• If the person has shown a tendency to be violent when stressed (Some alcoholics may consider any attempt to talk him or her out of the addiction as an invasion of privacy or regard the meeting as an invitation to a confrontation.)
  • If the person is suicidal or has recently talked about committing suicide (Some alcoholics might regard intervention as a betrayal on the part of his or her loved ones and may become depressed.)
  • If the person also takes mood-altering substances
  • If you are unsure about planning and pulling off an intervention successfully

According to the National Council on Alcoholism and Drug Dependence, Inc. (NCADD), professional intervention for alcoholics results in the person agreeing to get help in 90 percent of all cases. There are several advantages of hiring a professional interventionist:

  • A professional has specialized training.
  • A professional is experienced and knows the tactics that work with an addict—using particular words to convince and stirring specific emotions to elicit positive action.
  • A professional has the objectivity to look at and interpret a situation in a way that family members and friends may not be able to. So a professional can handle a situation in the most appropriate and safe manner.
  • A professional has a profound knowledge of the rehabilitation procedures and can help to choose between inpatient and outpatient alcohol rehab.


According to the American Journal of Drug and Alcohol Abuse, alcoholics who are made to go through an intervention session are more likely to give up drinking and stay sober than those who never realize the dangers of the path they are traveling on.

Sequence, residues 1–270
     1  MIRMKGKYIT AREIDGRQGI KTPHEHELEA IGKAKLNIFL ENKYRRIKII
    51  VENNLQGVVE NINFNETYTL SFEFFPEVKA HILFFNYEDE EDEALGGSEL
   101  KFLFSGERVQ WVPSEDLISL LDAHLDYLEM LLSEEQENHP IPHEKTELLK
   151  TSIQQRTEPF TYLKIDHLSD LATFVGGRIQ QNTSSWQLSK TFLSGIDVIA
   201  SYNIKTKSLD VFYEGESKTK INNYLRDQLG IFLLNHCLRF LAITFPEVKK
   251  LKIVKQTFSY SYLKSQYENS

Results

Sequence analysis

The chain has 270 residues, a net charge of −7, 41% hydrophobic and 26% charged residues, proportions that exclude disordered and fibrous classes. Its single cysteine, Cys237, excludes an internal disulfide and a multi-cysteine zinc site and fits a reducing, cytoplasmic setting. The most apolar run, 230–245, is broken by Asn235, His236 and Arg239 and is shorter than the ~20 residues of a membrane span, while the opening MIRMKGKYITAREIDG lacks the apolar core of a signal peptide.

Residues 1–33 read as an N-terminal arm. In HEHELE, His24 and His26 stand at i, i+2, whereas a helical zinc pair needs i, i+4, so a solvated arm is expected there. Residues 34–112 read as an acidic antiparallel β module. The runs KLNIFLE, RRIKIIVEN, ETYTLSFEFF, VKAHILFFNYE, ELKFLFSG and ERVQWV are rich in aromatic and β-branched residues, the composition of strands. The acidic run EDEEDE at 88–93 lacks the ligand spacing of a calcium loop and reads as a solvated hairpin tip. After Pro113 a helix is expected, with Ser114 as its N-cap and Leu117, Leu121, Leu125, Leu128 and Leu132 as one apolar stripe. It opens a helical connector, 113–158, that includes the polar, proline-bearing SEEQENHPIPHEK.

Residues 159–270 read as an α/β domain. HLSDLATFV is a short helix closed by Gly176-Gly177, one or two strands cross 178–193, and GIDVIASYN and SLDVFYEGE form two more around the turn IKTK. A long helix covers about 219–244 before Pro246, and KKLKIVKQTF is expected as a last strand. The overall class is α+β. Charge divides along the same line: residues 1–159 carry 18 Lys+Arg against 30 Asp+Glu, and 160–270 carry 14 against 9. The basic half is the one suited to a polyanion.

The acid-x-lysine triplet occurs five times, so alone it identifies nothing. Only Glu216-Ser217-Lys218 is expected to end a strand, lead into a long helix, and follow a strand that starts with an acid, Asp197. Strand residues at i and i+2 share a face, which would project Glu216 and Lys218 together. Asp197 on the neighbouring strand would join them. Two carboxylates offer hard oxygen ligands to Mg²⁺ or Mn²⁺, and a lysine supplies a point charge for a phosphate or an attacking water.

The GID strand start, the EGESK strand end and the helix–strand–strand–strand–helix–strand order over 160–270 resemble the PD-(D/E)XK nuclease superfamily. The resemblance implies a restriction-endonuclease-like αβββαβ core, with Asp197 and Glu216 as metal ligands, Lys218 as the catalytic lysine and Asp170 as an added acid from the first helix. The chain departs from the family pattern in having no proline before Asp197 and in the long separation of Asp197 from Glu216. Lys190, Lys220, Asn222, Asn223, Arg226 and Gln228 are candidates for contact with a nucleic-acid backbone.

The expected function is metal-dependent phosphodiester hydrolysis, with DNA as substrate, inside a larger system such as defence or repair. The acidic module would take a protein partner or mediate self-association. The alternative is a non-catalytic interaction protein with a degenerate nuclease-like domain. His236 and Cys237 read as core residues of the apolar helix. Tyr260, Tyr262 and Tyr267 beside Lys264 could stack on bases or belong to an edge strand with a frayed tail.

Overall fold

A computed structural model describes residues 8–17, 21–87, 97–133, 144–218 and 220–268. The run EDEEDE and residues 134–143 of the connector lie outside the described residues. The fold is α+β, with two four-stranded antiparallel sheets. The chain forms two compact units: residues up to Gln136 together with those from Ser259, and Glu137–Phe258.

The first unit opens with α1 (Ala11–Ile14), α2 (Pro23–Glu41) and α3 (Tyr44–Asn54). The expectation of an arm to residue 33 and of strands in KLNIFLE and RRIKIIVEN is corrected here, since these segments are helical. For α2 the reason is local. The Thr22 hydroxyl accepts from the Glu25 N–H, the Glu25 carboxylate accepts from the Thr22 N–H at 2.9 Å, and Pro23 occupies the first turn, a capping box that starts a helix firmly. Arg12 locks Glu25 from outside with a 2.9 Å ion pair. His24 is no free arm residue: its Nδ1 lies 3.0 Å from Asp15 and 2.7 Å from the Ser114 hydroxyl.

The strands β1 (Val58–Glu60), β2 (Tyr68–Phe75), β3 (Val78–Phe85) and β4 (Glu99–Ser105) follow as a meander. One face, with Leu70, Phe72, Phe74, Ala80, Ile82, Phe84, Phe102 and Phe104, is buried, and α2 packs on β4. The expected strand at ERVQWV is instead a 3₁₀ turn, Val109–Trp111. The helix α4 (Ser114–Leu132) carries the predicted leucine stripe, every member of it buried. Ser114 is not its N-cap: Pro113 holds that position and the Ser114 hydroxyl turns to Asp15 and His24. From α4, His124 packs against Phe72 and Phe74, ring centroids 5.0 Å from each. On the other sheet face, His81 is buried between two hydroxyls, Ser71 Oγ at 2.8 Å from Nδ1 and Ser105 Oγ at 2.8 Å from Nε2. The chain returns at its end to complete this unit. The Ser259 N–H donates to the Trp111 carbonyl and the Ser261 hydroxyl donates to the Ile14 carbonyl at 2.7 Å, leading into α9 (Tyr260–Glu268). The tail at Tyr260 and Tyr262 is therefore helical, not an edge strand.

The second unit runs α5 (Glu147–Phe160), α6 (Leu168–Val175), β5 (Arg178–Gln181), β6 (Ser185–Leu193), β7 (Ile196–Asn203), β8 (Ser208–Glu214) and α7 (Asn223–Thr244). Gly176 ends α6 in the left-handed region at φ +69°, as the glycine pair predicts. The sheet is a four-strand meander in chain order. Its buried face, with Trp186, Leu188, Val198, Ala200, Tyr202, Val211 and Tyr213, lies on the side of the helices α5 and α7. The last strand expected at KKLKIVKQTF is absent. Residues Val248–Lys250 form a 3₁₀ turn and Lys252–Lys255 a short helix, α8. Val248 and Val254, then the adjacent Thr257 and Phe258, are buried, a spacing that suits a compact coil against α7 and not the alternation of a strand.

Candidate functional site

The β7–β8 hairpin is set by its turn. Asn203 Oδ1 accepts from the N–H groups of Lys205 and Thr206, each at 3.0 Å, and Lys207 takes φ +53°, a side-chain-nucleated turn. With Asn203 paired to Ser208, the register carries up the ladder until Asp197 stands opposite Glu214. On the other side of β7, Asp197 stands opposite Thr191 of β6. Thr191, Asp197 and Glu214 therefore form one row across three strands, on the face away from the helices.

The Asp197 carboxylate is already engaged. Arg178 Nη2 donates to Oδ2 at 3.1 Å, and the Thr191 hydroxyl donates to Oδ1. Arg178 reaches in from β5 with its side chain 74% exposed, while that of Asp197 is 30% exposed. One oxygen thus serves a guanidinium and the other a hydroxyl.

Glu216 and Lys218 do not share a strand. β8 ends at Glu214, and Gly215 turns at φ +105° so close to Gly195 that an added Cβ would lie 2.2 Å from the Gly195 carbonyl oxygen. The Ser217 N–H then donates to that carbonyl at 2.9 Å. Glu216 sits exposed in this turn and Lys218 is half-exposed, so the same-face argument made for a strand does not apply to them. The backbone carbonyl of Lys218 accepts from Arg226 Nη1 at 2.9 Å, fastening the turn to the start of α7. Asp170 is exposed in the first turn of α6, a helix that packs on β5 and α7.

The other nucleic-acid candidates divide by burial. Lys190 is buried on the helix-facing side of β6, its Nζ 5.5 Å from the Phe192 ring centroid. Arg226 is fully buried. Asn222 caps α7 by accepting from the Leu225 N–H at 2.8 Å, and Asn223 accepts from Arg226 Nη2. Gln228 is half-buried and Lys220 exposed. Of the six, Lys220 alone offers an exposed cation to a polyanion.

You might not get the results you had hoped for after the first session. But you may not realize that your talk has prompted the person you love to ponder his or her drinking habits. You may not realize that the person who stormed out of the room when you tried to reason is probably now feeling ashamed about hurting you. If you have been able to stir second thoughts in the person, be assured that the second or third intervention meeting will bear results.

When you hold up a mirror to loved ones, and they don’t like what they see, they will want to change. Please make an effort and find the alcohol addiction treatment center!


Gregory Okhifun

Dr. Gregory Okhifun

Medical Reviewer

Dr. Okhifun is a passionate medical doctor, with over five years’ experience as a general practitioner. His passion for medical education led to his journey in medical writing. He has a wealth of experience writing for hospitals and medical centers, health organizations, telemedicine platforms, wellness organizations, medical tourism publications, addiction websites, and websites focused on nutrition and nutraceuticals.
He also serves as medical coordinator and content writer for Gerocare Solutions, for which he also volunteers as a health advisor/consultant for the elderly.
Dr. Okhifun enjoys traveling, meditation, and reading.